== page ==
Appeal from the PCHA January 22, 1987, Court of Common Pleas, Criminal Division, Philadelphia County, No. 2081 & 2084 May Term, 1972
Norris E. Gelman, Philadelphia, for appellant.
Donna G. Zucker, Assistant District Attorney, Philadelphia, for Com., appellee.
Cavanaugh, Melinson and Watkins, JJ. Melinson, J., concurs in the result.
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The appeal is from the denial of a request for relief pursuant to the Post Conviction Hearing Act (PCHA), 42 Pa.C.S.A. § 9541 et seq. Appellant challenges the length of sentences imposed after his second trial for murder and robbery. He argues that his current aggregate sentence of twenty to forty years is in fact harsher than his original
[ 379 Pa. Super. Page 494]
sentence of life imprisonment and a concurrent term of ten to twenty years. Additionally, appellant takes issue with the sentence credit for the amount of time spent in custody prior to imposition of his second sentences. Finally, in a pro se supplemental brief, appellant seeks a new sentence based upon the trial court's consideration of impermissible factors.
Appellant was originally tried for murder, aggravated robbery, and burglary in March, 1973 and was convicted by a jury of these charges. He was sentenced to a life term of imprisonment for first degree murder and a concurrent term of ten to twenty years imprisonment for the aggravated robbery. On appeal of these convictions, the Pennsylvania Supreme Court awarded appellant a new trial on the basis of the illegality of appellant's arrest. Commonwealth v. Shaw, 476 Pa. 543, 383 A.2d 496 (1978).
The second trial was held before the Honorable Edwin S. Malmed and a jury in June, 1978. The result of this trial was convictions of second degree murder and robbery. After the filing of post-verdict motions, and argument thereon, Judge Malmed sentenced appellant to maximum terms of imprisonment, i.e., ten to twenty years on the second degree murder*fn1 and a consecutive term of ten to twenty years on the aggravated robbery.
Appellant took a direct appeal from his second convictions, which were affirmed. Commonwealth v. Shaw, 494 Pa. 364, 431 A.2d 897 (1981).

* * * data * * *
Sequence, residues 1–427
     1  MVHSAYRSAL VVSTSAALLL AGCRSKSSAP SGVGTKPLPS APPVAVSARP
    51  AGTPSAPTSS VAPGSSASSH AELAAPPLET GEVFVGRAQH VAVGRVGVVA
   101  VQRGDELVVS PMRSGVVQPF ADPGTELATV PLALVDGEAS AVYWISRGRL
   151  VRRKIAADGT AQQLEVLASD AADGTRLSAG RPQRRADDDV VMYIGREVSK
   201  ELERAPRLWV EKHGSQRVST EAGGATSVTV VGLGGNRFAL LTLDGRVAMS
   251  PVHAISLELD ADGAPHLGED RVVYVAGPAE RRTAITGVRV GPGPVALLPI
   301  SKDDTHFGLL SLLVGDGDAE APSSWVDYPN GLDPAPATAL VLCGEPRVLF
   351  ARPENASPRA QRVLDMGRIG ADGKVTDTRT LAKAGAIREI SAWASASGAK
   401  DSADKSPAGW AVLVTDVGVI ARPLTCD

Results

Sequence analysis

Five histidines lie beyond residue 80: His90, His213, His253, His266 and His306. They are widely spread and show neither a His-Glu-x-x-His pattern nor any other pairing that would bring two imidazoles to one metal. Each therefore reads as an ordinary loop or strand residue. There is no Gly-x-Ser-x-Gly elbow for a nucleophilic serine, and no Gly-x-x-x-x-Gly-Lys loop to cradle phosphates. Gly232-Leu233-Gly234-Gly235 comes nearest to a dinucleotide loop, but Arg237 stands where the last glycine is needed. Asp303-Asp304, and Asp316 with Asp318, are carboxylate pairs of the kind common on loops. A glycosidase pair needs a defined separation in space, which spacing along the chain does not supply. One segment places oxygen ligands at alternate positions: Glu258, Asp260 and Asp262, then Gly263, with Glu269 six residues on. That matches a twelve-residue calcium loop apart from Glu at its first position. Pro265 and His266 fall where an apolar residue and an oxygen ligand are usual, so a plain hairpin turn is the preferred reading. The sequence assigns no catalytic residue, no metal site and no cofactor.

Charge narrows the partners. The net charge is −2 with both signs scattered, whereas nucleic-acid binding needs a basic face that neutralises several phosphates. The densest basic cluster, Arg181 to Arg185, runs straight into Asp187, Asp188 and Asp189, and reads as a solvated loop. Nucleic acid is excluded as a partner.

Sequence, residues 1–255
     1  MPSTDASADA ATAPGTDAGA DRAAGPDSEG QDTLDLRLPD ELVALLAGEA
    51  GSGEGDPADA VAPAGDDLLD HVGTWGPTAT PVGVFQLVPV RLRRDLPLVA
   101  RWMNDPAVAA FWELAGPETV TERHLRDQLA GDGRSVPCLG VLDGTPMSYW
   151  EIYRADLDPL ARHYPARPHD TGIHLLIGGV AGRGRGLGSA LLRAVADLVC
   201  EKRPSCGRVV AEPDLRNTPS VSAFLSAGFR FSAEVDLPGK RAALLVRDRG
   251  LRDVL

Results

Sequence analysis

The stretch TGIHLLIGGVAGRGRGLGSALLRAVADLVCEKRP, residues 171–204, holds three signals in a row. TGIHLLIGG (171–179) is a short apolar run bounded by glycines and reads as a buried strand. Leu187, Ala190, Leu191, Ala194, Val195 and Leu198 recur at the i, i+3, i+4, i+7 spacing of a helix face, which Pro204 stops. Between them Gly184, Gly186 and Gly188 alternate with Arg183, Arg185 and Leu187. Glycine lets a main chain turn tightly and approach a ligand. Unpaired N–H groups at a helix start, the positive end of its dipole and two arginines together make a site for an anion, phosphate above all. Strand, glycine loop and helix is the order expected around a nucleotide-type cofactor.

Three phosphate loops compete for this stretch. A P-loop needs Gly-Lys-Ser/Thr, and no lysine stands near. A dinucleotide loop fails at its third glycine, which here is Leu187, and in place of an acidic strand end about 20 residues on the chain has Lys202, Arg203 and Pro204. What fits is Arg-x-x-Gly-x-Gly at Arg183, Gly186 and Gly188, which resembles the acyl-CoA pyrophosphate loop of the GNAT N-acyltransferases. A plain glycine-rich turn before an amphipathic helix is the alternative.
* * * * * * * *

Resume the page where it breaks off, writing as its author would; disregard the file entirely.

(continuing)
Appellant sought PCHA relief, and for the first time raised the issues currently before us. As stated in the brief for appellant, those issues are as follows:
1. Was appellant given an increased sentence following his retrial in violation of the double jeopardy clauses of the state and federal constitutions, and was trial counsel ineffective for failing to object to the sentencing on these grounds and was appellate counsel ineffective for
[ 379 Pa. Super. Page 495]
failing to raise these arguments via ineffectiveness of trial counsel allegations on direct appeal?
2. Should appellant have been given full credit for the time he served on both the murder and robbery convictions when resentenced and were not both trial counsel and appellate counsel ineffective for failing to raise these arguments at sentencing and on direct appeal respectively?
Additionally, the following issue is raised in the pro se supplemental brief for the appellant:*fn2
3. [Were] appellant's sentences imposed after a successful appeal based upon impermissible factors and were both trial and appellant counsel ineffective for failing to raise this issue when each should have raised it?
A claim of ineffectiveness of counsel requires a determination whether the claim is of arguable merit, and, if so, whether the course chosen by counsel had a reasonable basis designed to serve the client's interests. Finally, a showing that counsel's performance caused actual prejudice is required before counsel is considered constitutionally ineffective. Commonwealth v. Pierce, 515 Pa. 153, 527 A.2d 973 (1987); Commonwealth v. Christy, 511 Pa. 490, 515 A.2d 832 (1986); Commonwealth v. Wienckowski, 371 Pa. Super. 153, 537 A.2d 866 (1988).
The first issue provides no basis upon which to find a claim of arguable merit since it is directly controlled by the
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case Commonwealth v. Brenizer, 477 Pa. 534, 384 A.2d 1218 (1978). As noted by the PCHA court, Brenizer presented a nearly identical issue where a defendant, who had received concurrent terms of life and ten to twenty years for murder/robbery convictions, after retrial received consecutive ten to twenty year terms. The Supreme Court rejected the argument that the later sentence was actually harsher than the first because it delayed defendant's eligibility for parole. Since a life sentence precludes parole, the court found that the second sentence, which provided for the opportunity of parole after expiration of the minimum sentence, was not more severe than the first sentence.
Appellant attempts to distinguish Brenizer by stating that his case does not deal with parole eligibility. As articulated ...